Everyone knows about the James Webb Space Telescope but who knows what Planetary Science flagships are and what each would accomplish? We all need to get behind our #1 flagship as a partnership with ESA that leads to Mars Sample Return.

Why Planetary Science is the Nation's best science investment? Here are a few reasons:

- How did Humans get here?
We are in the middle of a major revolution in the understanding of the origin and evolution to the solar system and if there is life beyond Earth.

- Where are we going?
Planetary Science has a solid plan. The Planetary Decadal Survey articulates it clearly, and we have solid community support. As a nation, President Obama has stated that Mars was the ultimate destination for humans making planetary science a critical component to the National Space Policy.

- How can we do it?
The National Space Policy also stresses international cooperation on mutually beneficial space activities. ESA is putting in ~$1.2B (1B euros) for a new joint Mars Program with our support about the size of a New Frontiers program (also ~$1.4B). Human exploration is depending on planetary science to lead the way in understanding the hazards and benefits of humans beyond low Earth orbit. - Moon, Asteroids, Mars. Humans cannot land on pretty pictures. The US is the only nation to soft land a spacecraft that operated successfully on Mars surface.

- Our Survival.
Planetary Scientists are finding all the potentially hazardous objects that threaten the Earth. Note: We just released the WISE observations revising our threat level downward but it still is not zero (see Asteroids Near Earth).

- Inspiration.
We are re-writing the textbooks.

Now is the time planetary science is needed more than ever before. Go out and tell people of our plans and our role in NASA and the nation. Science isn't done until it's shared...and that means science isn't done until the return on investment of planetary science is understood by our stakeholders and the public who funds us!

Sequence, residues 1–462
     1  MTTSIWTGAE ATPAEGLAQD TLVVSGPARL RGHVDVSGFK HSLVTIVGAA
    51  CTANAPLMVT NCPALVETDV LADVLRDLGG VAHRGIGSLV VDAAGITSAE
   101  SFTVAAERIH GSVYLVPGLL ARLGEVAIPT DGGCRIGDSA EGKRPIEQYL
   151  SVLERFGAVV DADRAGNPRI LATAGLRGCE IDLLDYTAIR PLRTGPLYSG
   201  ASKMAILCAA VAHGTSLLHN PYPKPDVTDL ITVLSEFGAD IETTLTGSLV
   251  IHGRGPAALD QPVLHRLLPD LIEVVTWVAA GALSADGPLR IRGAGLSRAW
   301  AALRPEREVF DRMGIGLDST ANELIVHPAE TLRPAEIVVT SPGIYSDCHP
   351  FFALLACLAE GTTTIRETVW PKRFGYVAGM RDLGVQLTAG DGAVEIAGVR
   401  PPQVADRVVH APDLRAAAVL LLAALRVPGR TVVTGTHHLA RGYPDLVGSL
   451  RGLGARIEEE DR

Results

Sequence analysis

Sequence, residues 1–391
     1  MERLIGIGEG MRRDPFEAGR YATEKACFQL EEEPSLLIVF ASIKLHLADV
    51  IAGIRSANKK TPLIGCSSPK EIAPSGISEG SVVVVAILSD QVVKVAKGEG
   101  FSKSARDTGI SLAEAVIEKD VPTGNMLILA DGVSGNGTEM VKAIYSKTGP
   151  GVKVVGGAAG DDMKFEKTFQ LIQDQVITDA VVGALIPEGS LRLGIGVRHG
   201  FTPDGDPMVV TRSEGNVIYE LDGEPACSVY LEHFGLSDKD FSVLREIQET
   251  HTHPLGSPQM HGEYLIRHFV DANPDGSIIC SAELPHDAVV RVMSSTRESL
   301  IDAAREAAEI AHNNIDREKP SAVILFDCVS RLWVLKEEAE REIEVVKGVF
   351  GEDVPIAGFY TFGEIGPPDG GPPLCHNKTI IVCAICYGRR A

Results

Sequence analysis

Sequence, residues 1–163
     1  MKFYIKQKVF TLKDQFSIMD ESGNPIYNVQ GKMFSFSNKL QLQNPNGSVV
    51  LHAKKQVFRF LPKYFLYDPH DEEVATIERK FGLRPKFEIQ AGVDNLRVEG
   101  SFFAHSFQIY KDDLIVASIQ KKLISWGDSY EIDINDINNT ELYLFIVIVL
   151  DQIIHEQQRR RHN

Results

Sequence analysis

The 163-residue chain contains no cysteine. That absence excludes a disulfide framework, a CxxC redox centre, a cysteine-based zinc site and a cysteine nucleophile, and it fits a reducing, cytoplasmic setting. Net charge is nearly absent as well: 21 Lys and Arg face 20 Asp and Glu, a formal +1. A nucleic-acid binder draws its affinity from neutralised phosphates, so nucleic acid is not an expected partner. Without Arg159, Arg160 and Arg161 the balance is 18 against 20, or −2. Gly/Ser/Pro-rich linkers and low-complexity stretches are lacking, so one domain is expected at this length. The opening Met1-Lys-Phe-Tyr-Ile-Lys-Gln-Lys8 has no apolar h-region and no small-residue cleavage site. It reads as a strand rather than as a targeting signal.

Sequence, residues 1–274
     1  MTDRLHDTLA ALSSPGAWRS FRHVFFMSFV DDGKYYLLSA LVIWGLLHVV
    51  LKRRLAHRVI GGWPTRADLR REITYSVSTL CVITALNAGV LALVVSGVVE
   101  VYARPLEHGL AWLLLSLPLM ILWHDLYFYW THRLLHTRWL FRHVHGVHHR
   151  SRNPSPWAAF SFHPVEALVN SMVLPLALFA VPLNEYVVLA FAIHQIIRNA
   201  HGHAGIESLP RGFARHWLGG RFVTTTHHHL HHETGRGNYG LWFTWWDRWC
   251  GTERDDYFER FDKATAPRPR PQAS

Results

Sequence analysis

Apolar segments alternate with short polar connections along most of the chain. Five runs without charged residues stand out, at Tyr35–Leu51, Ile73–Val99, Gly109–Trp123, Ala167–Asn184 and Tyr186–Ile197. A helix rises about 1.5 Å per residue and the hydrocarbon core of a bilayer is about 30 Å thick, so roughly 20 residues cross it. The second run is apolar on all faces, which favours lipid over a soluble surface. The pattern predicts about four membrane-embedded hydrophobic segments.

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References:

Mars is the ultimate destination for human exploration.
"The Administrator of NASA shall: . . . By the mid-2030s, send humans to orbit Mars and return them safely to Earth" - National Space Policy

"By the mid-2030s, I believe we can send humans to orbit Mars and return them safely to Earth. And a landing on Mars will follow. And I expect to be around to see it." - President Obama, April 15, 2010.

"Expand international cooperation on mutually beneficial space activities" - a goal of the National Space Policy

"Because of its potential to address essential questions regarding planetary habitability and life, Mars sample return has been a primary goal for Mars exploration" [Vision and Voyages for Planetary Science in the Decade 2013-2022, NRC, National Academy of Sciences, pg. 9-15, 2011]

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About: Dr. James Green
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Dr. Green is the Director of Planetary Science at NASA Headquarters. He views his job as the keeper of NASA's planetary program and the top advocate for that program to flourish and grow.
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Last Updated: 7 Oct 2011